Doctor warn of steroid dangers
Young men are faking hormone-related disorders to get steroids so they can bulk up, a doctor says.
Waitemata DHB endocrinology specialist Steven Miller says the youths are motivated by a condition called body dysmorphia, much like anorexia in women.
"When they look in the mirror they think they look weedy but to you and I they are very heavily muscled."
And he says steroid abuse here is much worse than in the UK and on a par with Sydney, where it is a big problem.
The number of anabolic steroids seized by New Zealand Customs doubled in the year 2011 to 2012.
Dr Miller says it is something doctors are very much aware of and stringent testing is in place to deter those trying to cheat the system.
"There are definitely individuals who try to pull the wool over our eyes. They come to us pretending to exhibit symptoms so that we supply them with testosterone."
Endocrinologists treat patients with hormone disorders relating to a wide range of health conditions such as infertility, thyroid dysfunction, osteoporosis and adrenal dysfunction.
Testosterone replacement drugs like Sustanon and Reandron are often prescribed for a condition called hypogonadism, Dr Miller says.
Men with hypogonadism do not produce enough natural testosterone which can affect their masculine development and fertility. Young males wanting to build muscle fast are the most likely to try and get steroids illegitimately, Dr Miller says.
Doctor-prescribed testosterone is funded or subsidised by Pharmac making it much cheaper than products sold on the black market.
"The last time it happened a young man, I would say in his mid 20s, came to me with a sample report result from a lab in Australia suggesting that he had low testosterone levels.
"On further examination he had no abnormal results and was a healthy young man.
"It was very obvious he was trying to cheat the system, he was very sheepish and when I mentioned we would need to do further testing I never heard from him again."
It is not uncommon in his profession, Dr Miller says but he suspects GPs may have to deal with the tricksters more often.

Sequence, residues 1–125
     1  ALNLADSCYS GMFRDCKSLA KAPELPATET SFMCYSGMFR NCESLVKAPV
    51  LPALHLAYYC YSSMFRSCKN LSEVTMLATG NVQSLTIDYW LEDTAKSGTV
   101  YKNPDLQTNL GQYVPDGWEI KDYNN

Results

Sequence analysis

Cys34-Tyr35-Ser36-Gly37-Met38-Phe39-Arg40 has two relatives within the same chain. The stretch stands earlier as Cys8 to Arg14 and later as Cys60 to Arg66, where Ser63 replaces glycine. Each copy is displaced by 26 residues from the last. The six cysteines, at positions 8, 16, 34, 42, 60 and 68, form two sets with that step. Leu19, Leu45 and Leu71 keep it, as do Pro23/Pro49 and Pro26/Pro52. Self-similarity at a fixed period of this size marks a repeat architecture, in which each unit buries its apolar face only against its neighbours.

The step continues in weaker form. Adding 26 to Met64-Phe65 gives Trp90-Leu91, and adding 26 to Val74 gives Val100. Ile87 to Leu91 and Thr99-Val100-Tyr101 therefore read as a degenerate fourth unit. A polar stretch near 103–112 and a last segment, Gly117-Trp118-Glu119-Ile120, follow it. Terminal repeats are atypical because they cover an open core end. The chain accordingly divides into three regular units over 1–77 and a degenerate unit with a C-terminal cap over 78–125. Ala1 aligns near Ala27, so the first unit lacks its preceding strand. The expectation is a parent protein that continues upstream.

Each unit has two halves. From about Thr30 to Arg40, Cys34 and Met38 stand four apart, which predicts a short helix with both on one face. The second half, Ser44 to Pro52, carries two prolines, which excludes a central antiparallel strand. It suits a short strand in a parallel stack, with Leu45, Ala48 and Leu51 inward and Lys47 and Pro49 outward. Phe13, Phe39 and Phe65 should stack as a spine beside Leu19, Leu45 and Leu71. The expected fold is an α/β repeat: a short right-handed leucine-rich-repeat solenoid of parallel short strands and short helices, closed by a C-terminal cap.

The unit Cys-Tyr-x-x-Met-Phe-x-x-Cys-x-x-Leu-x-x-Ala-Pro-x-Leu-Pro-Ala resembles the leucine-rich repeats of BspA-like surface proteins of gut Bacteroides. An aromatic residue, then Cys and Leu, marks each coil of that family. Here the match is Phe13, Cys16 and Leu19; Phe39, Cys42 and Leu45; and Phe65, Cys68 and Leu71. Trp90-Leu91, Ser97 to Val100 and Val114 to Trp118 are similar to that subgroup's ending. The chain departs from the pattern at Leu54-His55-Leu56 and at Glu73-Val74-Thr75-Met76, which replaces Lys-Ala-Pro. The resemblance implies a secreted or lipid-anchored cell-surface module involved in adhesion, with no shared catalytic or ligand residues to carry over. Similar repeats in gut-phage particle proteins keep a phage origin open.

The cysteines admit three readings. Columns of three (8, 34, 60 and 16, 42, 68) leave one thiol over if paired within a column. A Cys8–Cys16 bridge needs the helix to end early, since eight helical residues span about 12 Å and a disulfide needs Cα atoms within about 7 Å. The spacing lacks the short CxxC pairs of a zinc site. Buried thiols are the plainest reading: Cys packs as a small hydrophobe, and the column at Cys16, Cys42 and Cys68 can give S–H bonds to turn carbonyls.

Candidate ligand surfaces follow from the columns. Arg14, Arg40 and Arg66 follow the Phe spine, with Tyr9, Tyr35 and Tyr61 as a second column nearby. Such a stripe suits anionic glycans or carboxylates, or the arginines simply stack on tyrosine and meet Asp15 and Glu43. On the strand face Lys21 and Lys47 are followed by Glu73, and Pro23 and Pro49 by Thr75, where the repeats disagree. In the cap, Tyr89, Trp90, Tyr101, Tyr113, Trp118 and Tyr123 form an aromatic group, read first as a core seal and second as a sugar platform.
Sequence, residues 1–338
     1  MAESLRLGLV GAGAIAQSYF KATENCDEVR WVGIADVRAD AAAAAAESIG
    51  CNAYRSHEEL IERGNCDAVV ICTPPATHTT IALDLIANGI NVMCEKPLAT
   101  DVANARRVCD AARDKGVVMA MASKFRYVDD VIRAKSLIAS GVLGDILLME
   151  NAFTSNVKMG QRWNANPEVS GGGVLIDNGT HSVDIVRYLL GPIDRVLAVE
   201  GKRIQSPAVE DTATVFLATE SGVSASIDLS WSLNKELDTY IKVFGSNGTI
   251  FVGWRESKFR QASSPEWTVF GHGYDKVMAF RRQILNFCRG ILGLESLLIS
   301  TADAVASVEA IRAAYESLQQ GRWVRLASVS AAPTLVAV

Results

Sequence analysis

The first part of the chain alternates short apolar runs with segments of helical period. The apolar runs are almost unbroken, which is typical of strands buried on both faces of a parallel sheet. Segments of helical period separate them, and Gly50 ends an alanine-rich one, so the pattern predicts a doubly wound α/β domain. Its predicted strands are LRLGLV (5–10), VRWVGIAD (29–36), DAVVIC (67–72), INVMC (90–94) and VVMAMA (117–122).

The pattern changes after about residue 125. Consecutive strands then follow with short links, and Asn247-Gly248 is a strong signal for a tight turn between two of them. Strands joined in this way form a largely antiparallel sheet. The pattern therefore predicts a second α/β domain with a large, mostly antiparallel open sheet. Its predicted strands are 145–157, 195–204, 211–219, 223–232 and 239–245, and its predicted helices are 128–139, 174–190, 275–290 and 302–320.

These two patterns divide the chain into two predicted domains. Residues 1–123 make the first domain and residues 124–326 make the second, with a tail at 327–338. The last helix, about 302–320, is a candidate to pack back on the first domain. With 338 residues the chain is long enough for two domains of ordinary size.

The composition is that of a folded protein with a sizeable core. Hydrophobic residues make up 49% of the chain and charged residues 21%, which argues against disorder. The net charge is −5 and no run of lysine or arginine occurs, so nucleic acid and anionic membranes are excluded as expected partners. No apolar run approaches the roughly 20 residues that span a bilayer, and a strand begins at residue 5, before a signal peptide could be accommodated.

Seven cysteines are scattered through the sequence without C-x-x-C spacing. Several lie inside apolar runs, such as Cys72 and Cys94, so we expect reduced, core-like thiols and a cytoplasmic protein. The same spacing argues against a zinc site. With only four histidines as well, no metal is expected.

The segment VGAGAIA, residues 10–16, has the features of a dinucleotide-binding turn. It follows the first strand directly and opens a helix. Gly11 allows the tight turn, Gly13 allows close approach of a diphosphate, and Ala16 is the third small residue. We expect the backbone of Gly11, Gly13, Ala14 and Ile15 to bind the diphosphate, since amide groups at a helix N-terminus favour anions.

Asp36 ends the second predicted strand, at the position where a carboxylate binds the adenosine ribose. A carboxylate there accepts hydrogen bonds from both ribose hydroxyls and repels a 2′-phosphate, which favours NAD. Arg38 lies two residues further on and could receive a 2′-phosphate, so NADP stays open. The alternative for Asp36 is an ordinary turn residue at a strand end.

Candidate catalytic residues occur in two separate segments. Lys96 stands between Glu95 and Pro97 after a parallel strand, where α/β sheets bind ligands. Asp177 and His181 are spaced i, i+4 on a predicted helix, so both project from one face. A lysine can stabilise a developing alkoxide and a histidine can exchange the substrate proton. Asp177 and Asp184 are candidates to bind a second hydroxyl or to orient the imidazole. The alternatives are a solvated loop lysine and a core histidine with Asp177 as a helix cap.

"I would imagine it is rather harder for them to spot cheaters because they are general practitioners.
"But any doctor should be doing the appropriate biological tests before prescribing."
He says a simple blood test can determine whether or not a person truly needs a steroid to correct a deficiency.
Doctors are not required to report these attempts but Dr Miller says it is noted on the patient's hospital record.
So far no women have tried their luck at his clinic.
General abuse of anabolic steroids seems to have become more widespread here in recent years, Dr Miller says.
"I have encountered more of a problem here in the last three years than I did when I was in the UK.
"But I would say it is the same level as when I was working in Sydney."
The number of anabolic steroids seized by New Zealand Customs has risen 55 per cent in the past four years and doubled in the year 2011 to 2012.
A 2011 report from the Australian Crime Commission reported a 255 per cent increase in hormone and steroid seizures in the space of just one year.
Dr Miller puts the rise in demand down to young men becoming more conscious of their appearance.
"The drugs they would be getting on the black market are not produced in respected labs.
"They are made in clandestine labs where there is no control," he says.
"You just don't know what's in them."
Send us your comments firstname.lastname@example.org.
STEROID LAW It is illegal to sell steroids without a prescription. Steroid use has been banned in international sport and athletes can be disqualified if found using anabolic steroids. Under the Medicines Act steroid suppliers can face fines of up to $40,000 and six months imprisonment.
- © Fairfax NZ News
Are you heading out of Auckland on the Christmas, New Year break?